4,000 lbf (17.79 kN) thrust, production by Chevrolet.
Similar to -29, 4,000 lbf (17.79 kN) thrust
4,000 lbf (17.79 kN) thrust
4,000 lbf (17.79 kN) thrust
Similar to -29, 6,000 lbf (26.69 kN) thrust
5,200 lbf (23.13 kN) thrust
Similar to -29, 4,000 lbf (17.79 kN) thrust, powered the 15 Republic YP-84 Thunderjets
4,000 lbf (17.79 kN) thrust
Similar to -29, 4,900 lbf (21.80 kN) thrust
Similar to -29, 5,000 lbf (22.24 kN) thrust
5,000 lbf (22.24 kN) thrust
Similar to -17, 5,000 lbf (22.24 kN) thrust
Similar to -35, 5,600 lbf (24.91 kN) thrust, 7,400 lbf (32.92 kN) with afterburner
Similar to -35, 5,600 lbf (24.91 kN) thrust, 7,400 lbf (32.92 kN) with afterburner
Similar to -29, 10,900 lbf (48.49 kN) thrust, original designation for the Allison J71
Similar to -29, 5,000 lbf (22.24 kN) thrust
5,560 lbf (24.73 kN) thrust
Similar to -35, 5,600 lbf (24.91 kN) thrust, 7,400 lbf (32.92 kN) with afterburner, without anti-icing
Similar to -35, 5,600 lbf (24.91 kN) thrust, 7,400 lbf (32.92 kN) with afterburner, without anti-icing
5,440 lbf (24.20 kN) thrust, 7,200 lbf (32.03 kN) with afterburner
Similar to -35, 5,600 lbf (24.91 kN) thrust, 7,400 lbf (32.92 kN) with afterburner, with anti-icing


Specifications (J35-A-35)Edit

Data from ,[8] Aircraft engines of the World 1957[9]

General characteristics

  • Type: Afterburning turbojet
  • Length: 195.5 in (4,970 mm) including afterburner
  • Diameter: 37 in (940 mm)
  • Frontal area: 7.5 sq ft (0.70 m2)
  • Dry weight: 2,315 lb (1,050 kg) without afterburner; 2,930 lb (1,330 kg) including afterburner


  • Compressor: 11-stage axial compressor
  • Combustors: Eight tubular inter-connected combustion chambers
  • Turbine: Single-stage axial turbine
  • Fuel type: Aviation kerosene, JP-4, MIL-F-5624 or 100/130 octane gasoline
  • Oil system: Dry sump pressure system with spur gear pressure and scavenge pumps at 35 psi (241.32 kPa)


  • Maximum thrust: (dry): 5,600 lbf (24.91 kN) for take-off at 8,000 rpm
  • Maximum thrust (wet): 7,500 lbf (33.36 kN) for take-off at 8,000 rpm
  • Overall pressure ratio: 5:1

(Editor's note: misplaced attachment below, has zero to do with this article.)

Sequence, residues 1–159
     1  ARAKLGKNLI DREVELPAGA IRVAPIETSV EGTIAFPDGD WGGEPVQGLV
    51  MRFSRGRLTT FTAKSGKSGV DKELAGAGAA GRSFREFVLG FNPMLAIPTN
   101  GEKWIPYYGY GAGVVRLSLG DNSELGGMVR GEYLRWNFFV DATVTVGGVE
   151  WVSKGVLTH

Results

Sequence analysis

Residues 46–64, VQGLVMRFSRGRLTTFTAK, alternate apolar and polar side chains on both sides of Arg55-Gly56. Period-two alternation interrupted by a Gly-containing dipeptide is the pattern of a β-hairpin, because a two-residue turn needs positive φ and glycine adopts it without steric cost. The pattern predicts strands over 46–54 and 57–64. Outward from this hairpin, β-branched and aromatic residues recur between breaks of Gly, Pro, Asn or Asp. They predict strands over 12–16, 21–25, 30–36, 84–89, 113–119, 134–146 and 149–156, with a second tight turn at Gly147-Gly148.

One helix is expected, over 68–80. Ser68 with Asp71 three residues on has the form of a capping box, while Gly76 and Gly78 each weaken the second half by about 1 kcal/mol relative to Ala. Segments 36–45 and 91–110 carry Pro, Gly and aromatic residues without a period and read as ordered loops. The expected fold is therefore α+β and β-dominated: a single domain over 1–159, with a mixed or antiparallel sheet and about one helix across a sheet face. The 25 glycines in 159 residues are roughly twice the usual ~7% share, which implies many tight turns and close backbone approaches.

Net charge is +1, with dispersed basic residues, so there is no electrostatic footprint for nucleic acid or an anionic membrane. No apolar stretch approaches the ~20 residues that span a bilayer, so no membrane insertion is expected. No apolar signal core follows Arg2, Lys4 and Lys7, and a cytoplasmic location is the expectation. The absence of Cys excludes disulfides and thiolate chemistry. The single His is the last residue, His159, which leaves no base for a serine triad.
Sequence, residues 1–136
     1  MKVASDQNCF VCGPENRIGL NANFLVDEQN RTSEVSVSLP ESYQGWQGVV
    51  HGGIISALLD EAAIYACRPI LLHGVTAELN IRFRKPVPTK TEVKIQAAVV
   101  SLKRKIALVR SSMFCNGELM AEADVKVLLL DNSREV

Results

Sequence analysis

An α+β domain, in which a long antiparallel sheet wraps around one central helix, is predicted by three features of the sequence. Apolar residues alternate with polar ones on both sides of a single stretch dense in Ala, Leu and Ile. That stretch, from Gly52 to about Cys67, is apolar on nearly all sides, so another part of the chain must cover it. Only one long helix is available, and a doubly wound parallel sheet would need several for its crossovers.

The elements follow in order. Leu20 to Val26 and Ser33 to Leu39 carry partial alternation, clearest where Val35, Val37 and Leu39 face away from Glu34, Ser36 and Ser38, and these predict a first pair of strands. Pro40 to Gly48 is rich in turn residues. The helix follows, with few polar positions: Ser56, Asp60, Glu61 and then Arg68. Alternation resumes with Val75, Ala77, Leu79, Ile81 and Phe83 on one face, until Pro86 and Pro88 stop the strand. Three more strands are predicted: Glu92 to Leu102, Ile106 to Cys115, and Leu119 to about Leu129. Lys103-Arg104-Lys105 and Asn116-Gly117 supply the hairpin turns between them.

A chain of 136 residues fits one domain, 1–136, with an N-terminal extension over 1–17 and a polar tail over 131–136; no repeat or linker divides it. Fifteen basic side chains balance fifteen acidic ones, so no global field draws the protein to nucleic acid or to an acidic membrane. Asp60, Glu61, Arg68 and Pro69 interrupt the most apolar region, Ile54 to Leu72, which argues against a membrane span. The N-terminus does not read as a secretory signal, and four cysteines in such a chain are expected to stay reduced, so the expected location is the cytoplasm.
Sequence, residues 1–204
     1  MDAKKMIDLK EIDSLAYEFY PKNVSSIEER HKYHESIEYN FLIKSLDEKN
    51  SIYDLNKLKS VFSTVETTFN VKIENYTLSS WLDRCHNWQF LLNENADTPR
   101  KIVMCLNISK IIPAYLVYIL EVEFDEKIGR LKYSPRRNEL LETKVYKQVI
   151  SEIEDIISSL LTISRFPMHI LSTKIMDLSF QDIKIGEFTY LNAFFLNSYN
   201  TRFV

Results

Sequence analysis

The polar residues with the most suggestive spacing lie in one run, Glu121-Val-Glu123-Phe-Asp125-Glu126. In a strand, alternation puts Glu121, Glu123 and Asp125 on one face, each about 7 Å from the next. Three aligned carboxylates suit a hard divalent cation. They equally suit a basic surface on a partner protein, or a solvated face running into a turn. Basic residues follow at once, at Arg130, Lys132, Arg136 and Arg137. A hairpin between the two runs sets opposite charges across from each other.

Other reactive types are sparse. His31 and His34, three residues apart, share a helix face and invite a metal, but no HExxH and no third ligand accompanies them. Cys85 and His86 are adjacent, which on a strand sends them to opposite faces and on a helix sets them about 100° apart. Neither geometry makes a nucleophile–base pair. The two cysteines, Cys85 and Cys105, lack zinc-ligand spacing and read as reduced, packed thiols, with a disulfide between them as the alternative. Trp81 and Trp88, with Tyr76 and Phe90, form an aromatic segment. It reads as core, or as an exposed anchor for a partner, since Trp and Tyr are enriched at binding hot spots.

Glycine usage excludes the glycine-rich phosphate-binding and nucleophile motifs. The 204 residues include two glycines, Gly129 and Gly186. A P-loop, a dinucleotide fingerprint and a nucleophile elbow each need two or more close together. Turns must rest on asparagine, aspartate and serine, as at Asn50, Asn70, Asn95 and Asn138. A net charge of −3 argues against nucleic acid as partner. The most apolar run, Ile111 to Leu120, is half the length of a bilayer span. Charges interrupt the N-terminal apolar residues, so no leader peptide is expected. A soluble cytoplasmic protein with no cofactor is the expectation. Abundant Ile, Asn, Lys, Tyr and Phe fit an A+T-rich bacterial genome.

• Air mass flow: 95 lb/s (2,600 kg/min) at take-off power
  • Specific fuel consumption: 1.1 lb/lbf/h (110 kg/kN/h) dry ; 2 lb/lbf/h (200 kg/kN/h) wet
  • Thrust-to-weight ratio: 2.63 lbf/lb (25.8 N/kg)
  • Maximum operating altitude: 50,000 ft (15,000 m)
  • Cost: US$ 46,000 each

See alsoEdit


  1. ^ Gunston, Bill (2006). The development of jet and turbine aero engines (4 ed.). Sparkford: PSL. p. 143. ISBN 0750944773.
  2. ^ Dawson, Virginia P. (1991). "SP-4306 Engines and Innovation: Lewis Laboratory and American Propulsion Technology Chapter 3 : Jet Propulsion: Too Little, Too Late". Washington, D.C.: National Aeronautics and Space Administration Office of Management Scientific and Technical Information Division. Retrieved 16 March 2019.
  3. ^ "AERO ENGINES 1956". Flight and AIRCRAFT ENGINEER. 69 (2468): 567–597. 11 May 1956. Retrieved 16 March 2019.
  4. ^ "Aero Engines 1957". Flight and Aircraft Engineer. 72 (2531): 111–143. 26 July 1957. Retrieved 16 March 2019.
  5. ^ General Electric Company. Seven Decades of Progress: A Heritage of Aircraft Turbine Technology (1st ed.). Fallbrook: Aero Publishers Inc. p. 76. ISBN 0-8168-8355-6.
  6. ^ Marrett, George J. (2006). Testing death : Hughes Aircraft test pilots and Cold War weaponry (1st ed.). Naval Institute Press. p. 21. ISBN 978-1-59114-512-7.
  7. ^ Wilkinson, Paul H. (1953). Aircraft engines of the World 1953 (11th ed.). London: Sir Isaac Pitman & Sons Ltd. pp. 60–62.
  8. ^ Bridgman, Leonard (1955). Jane's all the World's Aircraft 1955–56. London: Jane's all the World's Aircraft Publishing Co. Ltd.
  9. ^ Wilkinson, Paul H. (1957). Aircraft engines of the World 1957 (15th ed.). London: Sir Isaac Pitman & Sons Ltd. pp. 70–71.

Further readingEdit